Israeli Prime Minister Benjamin Netanyahu was still striving to form a government on Tuesday, four days before a deadline to do so and a week ahead of a milestone visit by US President Barack Obama.
But an agreement reached the previous day with a potential coalition partner to reduce the size of the incoming cabinet to 20 ministers from its present 28 was hailed as a major coup for the centrist Yesh Atid.
The more streamlined government had been a central plank of the campaign of Yesh Atid leader Yair Lapid, whose newly formed party shocked Israel's political scene by becoming parliament's second-largest faction in the January election.
Still to be resolved is the allocation of the education portfolio, until now held by Netanyahu's rightwing Likud and which he wants to keep, but Lapid is also pushing for the post to be given to his deputy, Rabbi Shai Piron.
The two parties are also haggling over which of them will take the interior ministry, which until now has been held by the ultra-Orthodox Shas party that is not part of the incoming government.
Netanyahu's agreement to have just 20 ministers serving under him was seen as a second significant victory for Lapid, which last week secured another electoral promise -- a coalition without the ultra-Orthodox.
It is "a major accomplishment for Yair Lapid's Yesh Atid party, which has demanded a leaner, more streamlined cabinet," wrote Haaretz's Jonathan Lis.
The price of obtaining such a concession was giving a larger "slice of the pie" to Likud-Beitenu, the list which combines Likud with the hardline Yisrael Beitenu which won 31 mandates in the election.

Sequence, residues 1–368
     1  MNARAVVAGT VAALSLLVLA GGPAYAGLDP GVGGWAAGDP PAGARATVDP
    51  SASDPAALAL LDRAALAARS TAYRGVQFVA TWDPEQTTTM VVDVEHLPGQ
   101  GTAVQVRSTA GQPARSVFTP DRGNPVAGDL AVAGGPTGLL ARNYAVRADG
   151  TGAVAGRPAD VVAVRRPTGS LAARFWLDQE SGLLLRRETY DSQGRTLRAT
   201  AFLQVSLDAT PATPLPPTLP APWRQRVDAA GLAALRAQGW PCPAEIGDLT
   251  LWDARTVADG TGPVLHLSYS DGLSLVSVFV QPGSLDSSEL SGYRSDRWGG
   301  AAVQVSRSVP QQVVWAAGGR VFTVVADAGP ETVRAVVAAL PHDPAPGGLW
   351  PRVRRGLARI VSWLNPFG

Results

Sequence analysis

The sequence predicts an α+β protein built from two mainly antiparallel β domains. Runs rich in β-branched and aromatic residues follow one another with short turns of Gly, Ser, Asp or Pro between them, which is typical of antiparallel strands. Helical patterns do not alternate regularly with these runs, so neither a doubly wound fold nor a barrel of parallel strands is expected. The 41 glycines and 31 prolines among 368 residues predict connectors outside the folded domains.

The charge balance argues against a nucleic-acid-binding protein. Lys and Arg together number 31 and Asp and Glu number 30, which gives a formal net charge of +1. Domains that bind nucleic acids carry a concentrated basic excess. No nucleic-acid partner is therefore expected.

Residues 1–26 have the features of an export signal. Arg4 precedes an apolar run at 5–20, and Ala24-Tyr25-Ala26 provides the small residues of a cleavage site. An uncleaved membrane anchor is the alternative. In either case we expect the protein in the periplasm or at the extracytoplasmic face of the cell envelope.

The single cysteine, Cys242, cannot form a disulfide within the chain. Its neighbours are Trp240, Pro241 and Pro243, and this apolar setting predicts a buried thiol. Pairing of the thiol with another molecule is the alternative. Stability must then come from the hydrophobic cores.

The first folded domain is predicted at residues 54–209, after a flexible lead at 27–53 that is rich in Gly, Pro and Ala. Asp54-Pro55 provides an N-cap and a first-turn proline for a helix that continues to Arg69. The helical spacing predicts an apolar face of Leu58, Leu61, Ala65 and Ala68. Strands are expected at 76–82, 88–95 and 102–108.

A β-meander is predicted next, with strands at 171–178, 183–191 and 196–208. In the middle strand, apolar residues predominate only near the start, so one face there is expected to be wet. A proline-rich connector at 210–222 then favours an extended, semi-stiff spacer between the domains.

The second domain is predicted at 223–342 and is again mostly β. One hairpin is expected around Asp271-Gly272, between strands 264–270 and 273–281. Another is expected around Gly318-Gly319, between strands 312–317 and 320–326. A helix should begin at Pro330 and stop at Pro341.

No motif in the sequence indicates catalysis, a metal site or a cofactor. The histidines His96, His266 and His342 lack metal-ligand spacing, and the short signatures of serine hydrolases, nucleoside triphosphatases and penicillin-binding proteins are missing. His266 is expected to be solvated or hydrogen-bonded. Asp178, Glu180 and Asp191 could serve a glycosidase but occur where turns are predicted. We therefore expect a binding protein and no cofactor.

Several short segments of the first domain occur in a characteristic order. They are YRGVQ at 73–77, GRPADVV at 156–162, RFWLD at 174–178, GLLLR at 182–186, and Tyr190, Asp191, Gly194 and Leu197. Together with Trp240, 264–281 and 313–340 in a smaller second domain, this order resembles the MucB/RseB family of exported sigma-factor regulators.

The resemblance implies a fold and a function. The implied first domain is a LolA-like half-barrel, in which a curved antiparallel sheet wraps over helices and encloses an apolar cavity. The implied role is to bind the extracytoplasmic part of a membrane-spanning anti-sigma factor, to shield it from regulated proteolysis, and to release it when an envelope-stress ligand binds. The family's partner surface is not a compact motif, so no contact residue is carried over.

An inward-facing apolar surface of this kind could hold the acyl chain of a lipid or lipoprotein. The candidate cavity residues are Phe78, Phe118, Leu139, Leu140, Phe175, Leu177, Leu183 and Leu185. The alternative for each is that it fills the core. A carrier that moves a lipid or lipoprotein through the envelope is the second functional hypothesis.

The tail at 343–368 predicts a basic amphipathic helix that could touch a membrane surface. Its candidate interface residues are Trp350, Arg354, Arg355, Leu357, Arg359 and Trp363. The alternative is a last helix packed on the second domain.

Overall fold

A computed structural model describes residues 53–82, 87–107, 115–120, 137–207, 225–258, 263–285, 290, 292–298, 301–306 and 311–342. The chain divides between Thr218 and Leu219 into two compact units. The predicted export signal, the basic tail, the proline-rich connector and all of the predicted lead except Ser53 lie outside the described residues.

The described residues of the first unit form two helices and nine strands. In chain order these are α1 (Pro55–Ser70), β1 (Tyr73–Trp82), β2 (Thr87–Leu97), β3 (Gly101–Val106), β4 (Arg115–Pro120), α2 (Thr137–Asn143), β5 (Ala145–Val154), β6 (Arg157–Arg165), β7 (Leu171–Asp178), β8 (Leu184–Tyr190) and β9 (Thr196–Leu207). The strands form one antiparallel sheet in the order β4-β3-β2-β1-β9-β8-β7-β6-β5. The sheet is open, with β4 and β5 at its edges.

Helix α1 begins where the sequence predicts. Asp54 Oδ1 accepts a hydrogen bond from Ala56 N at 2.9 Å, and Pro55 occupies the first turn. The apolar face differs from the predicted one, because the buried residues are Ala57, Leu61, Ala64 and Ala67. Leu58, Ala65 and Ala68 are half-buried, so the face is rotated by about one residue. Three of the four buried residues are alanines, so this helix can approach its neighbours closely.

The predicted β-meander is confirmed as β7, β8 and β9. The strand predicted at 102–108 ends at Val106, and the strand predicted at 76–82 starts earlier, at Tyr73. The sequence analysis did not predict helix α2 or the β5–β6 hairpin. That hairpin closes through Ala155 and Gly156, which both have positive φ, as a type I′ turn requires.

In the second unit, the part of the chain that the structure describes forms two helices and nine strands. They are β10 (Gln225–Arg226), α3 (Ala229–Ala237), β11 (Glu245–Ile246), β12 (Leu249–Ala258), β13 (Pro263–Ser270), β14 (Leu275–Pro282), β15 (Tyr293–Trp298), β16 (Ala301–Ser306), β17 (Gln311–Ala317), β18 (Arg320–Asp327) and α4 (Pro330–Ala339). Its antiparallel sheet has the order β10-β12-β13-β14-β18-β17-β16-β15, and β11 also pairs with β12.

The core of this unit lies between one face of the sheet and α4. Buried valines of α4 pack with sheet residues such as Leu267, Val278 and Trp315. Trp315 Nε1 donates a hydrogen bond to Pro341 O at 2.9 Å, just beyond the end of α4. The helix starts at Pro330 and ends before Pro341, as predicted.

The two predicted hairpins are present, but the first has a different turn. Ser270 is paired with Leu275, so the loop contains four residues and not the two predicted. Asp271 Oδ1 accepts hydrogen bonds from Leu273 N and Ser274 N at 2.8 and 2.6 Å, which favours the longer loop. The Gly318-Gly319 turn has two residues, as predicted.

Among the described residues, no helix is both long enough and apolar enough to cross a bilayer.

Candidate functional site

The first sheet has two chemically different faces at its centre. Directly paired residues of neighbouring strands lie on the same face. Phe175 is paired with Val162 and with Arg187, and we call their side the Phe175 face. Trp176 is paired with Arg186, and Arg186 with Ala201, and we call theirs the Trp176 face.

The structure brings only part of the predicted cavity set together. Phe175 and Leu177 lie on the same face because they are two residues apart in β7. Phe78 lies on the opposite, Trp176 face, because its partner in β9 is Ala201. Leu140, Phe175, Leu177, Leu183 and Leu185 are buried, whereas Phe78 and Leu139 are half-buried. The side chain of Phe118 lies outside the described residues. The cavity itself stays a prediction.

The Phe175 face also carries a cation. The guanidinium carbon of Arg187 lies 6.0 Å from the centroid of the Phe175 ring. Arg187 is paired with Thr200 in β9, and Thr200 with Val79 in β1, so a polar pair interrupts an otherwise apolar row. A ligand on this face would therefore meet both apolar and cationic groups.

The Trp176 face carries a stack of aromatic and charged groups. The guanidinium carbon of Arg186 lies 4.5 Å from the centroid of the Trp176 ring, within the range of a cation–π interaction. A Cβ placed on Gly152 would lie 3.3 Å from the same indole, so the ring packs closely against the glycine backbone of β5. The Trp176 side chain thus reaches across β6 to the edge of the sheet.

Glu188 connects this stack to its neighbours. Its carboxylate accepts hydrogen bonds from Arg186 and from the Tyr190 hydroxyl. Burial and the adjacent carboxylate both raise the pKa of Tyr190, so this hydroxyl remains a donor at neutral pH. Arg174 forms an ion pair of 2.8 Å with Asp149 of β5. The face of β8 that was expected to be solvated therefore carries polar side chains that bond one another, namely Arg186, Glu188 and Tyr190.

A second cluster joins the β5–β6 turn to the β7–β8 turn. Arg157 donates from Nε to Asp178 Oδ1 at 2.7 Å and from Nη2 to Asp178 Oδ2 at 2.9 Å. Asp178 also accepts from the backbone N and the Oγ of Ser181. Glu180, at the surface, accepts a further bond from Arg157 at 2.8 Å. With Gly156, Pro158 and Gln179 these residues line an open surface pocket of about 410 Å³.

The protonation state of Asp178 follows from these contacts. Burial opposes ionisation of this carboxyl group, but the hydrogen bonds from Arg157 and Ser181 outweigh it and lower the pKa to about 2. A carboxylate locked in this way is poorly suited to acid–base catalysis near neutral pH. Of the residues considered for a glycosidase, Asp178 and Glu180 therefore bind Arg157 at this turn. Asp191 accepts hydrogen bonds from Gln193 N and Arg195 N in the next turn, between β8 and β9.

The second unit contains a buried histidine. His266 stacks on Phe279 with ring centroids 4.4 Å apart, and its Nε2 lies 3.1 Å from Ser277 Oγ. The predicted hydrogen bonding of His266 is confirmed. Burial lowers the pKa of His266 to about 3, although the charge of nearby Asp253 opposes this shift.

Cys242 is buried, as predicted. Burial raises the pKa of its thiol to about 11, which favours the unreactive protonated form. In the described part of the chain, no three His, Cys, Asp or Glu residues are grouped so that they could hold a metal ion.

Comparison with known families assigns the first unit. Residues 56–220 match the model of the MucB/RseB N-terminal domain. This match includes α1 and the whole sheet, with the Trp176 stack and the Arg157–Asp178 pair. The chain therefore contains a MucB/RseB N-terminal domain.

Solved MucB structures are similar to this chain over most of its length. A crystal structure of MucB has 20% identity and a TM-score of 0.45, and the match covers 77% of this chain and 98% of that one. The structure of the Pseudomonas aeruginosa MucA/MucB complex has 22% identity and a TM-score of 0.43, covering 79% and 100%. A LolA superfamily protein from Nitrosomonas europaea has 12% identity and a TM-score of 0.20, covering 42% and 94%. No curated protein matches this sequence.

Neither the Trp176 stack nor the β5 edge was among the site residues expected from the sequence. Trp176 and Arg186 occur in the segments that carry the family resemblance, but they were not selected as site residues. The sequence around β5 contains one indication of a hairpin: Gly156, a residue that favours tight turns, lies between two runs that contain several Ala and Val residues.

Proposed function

Pundits said Likud was expected to take seven or eight cabinet slots, while Yisrael Beitenu would take three.
Yesh Atid with its 19 seats in parliament, was expected to receive five portfolios, while the far-right Jewish Home, with 12 MPs, would get three.
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The centrist HaTnuah, the only party to sign a coalition agreement so far, was promised two but may end up with only one.
"A sharp cut of a third in the number of cabinet ministers is a big thing. It is not just a diet. It is gastric bypass surgery," wrote Yossi Verter, also in Haaretz.
"Lapid scored an enormous victory for his image... which joined his major achievement: Keeping the ultra-Orthodox out of the coalition," he wrote.
"On the other hand, the prime minister can take comfort in the fact that the total number of Likud-Beitenu ministers will be greater than those of Yesh Atid, Jewish Home and HaTnuah.
"He is keeping the controlling interest in the government in his hands, which gives him an automatic majority in every cabinet vote."
The agreement with Yesh Atid means there will be no ministers without portfolio in the next cabinet for the first time since 1951, Haaretz's Lis said, indicating the move was expected "to save taxpayers millions of shekels."
"Each minister without portfolio position costs the tax payer around two million shekels ($543,200/417,500 euros) a year," he wrote, saying the figure was sometimes as high as five million shekels.
"Last year, the total cost to the treasury of ministers without portfolio and ministers with special responsibilities who operated within the prime minister's office came to about 100 million shekels ($27 million/20.8 million euros)."
Netanyahu is in the final stretch of a six-week period he was granted in order to piece together a coalition of MPs with a majority of at least 61 in the 120-seat Knesset.
Should he fail to seal a deal by Saturday night, the task will be handed by President Shimon Peres to another party leader.
Obama is set to arrive on March 20 for a three-day visit -- his first since being elected president in 2008.